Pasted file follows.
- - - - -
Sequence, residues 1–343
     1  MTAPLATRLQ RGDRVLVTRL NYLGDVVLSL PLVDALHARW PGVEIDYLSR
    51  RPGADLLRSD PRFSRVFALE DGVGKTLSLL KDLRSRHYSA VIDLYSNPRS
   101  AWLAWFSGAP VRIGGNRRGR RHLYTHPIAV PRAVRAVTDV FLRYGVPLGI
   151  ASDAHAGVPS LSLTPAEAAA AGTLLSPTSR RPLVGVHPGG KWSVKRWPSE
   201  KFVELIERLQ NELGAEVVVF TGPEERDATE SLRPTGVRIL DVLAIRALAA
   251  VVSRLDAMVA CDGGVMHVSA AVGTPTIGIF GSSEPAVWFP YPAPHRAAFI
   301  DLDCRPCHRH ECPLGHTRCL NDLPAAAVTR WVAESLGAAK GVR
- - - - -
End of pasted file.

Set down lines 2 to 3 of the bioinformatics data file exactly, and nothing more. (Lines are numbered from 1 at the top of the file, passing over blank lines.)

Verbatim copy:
     1  MTAPLATRLQ RGDRVLVTRL NYLGDVVLSL PLVDALHARW PGVEIDYLSR
    51  RPGADLLRSD PRFSRVFALE DGVGKTLSLL KDLRSRHYSA VIDLYSNPRS